Throughout 2021, a great number of mysterious whale movements from miners who mined bitcoins in the early days have occurred. This week, 1,000 bitcoin from 2010 were transferred, and the miner has spent 11,000 bitcoin since last year. Old school whale movements like these have made some people assume that decade-old coinbase spends could stem from Satoshi Nakamoto. However, even though estimates say Nakamoto mined over a million bitcoin, many other network participants mined millions of coins as well.
2010 Saw CPU and GPU Mining, Alongside Extremely Low Hashrate and Difficulty
On June 9, 2021, an early miner sent 1,000 bitcoin (BTC) stemming from 20 block rewards from 2010 to a myriad of different addresses. Bitcoin.com News has caught this whale six times so far in 2021, spending 6,000 decade-old bitcoin. Further, our newsdesk caught the previous five strings before 2021, when 5,000 decade-old coins were spent in 2020. Ever since we published our investigations it has been assumed by some that the whale might be Bitcoin’s inventor Satoshi Nakamoto.
This chart from theholyroger.com shows data in real-time for unspent blocks mined between 2009 and 2011. The yellow dots represent spent blocks between 2009 and 2011. This chart shows the June 9th string of 20 blocks from 2010 spent at Bitcoin (BTC
) block height 686,865.
It is unlikely that the mystery whale is Nakamoto, and even though the inventor mined a million bitcoin, many others were mining alongside the creator’s efforts. Nakamoto likely mined bitcoin in 2010 but a great number of other miners also processed block rewards during Bitcoin’s second year. 3.39 million BTC was mined in 2010 and at this point in time, an individual could still leverage a central processing unit (CPU) to mine bitcoin up until mid-2010. This means a basic computer with a decent CPU could find block rewards out of the 67,920 blocks solved in 2010.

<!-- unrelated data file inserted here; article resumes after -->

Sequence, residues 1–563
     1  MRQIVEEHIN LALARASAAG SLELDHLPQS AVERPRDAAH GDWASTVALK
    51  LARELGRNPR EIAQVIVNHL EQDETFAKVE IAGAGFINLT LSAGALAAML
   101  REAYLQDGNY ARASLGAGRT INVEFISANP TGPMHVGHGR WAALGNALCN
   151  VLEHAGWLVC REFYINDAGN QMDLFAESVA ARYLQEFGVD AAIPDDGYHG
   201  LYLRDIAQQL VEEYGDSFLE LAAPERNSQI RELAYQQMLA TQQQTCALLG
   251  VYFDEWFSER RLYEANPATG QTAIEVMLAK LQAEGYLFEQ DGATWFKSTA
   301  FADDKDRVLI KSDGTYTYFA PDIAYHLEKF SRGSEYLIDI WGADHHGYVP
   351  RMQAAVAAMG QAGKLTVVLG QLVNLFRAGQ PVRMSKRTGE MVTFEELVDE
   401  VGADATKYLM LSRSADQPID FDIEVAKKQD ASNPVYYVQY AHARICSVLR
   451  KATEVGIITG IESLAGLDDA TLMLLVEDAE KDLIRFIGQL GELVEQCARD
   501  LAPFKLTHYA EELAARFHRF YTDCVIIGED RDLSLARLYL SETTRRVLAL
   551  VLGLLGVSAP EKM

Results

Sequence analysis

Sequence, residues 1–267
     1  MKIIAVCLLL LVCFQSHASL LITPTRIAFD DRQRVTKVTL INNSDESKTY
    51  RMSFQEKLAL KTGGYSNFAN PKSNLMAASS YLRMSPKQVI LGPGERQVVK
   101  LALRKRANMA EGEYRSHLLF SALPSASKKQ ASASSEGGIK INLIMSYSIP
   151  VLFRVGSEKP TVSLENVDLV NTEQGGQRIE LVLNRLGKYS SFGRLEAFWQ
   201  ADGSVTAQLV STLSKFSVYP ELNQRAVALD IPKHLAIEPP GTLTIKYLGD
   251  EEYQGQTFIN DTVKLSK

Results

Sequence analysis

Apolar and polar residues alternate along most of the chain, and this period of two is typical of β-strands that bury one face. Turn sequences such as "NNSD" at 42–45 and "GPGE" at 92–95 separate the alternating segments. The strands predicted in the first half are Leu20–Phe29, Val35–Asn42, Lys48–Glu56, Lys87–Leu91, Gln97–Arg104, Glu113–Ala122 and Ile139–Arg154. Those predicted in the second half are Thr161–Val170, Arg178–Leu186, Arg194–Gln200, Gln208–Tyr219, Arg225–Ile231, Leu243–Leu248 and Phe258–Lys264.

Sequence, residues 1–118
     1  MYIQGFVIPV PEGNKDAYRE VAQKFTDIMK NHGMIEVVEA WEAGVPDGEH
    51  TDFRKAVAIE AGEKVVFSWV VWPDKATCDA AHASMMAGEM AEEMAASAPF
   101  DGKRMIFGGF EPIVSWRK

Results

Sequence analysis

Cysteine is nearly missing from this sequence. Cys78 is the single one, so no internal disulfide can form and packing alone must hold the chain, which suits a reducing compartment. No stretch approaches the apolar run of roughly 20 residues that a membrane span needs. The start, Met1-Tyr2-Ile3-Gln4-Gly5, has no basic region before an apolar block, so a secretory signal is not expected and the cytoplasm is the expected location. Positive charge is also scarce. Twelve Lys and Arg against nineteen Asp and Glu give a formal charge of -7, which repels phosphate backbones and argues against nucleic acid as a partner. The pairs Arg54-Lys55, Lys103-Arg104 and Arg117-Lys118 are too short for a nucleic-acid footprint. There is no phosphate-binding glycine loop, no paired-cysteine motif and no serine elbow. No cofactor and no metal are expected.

Time periods from when the Bitcoin network miners transitioned from CPU to GPU to FPGA and finally to ASIC.
In between that time and the latter months of 2010, graphics processing units (GPUs) were utilized to mine bitcoins up until the first quarter of 2011. Between the CPU and GPU period, a lot more people could mine bitcoin alongside the creator, who left the community in December 2010.
We also know that Bitcoin’s network mining difficulty was very low during the second year of Bitcoin’s life. Analysts can estimate the total hashrate by calculating specific fields found in coinbase rewards. Essentially, this data includes version, prevblockhash, merkleroot, the timestamp, difficulty target, and nonce.
The 3.3 million BTC acquired in 2010 were mined under a network mining difficulty of around 1.18 to 14,484. For comparison, today’s mining difficulty is much larger at 21.05 trillion or a difficulty increase of 145,317,112,385% since 2010.
This data indicates that during the first two years the Bitcoin network operated, the difficulty to mine bitcoin was extremely low. The hashrate was very low too at this time, which means a lot more hashpower is used to mine BTC in 2021 than was needed a decade ago.
Data shows that in March 2010, the hashrate was around 43 million hashes per second or a grand total of 43.5 megahash per second (MH/s). For comparison, today’s top bitcoin mining rig does around 100 terahash per second (TH/s), which is 100 trillion times higher than the entire hashrate in the spring of 2010. If there were a few hundred people or upwards of a few thousand people mining bitcoin in 2010, the hashrate was only 0.0000436 TH/s. By August 30, 2010, the overall network hashrate jumped to 0.01 TH/s. For five months better solutions toward finding bitcoin and more participants dedicating hashrate to the network caused this swell.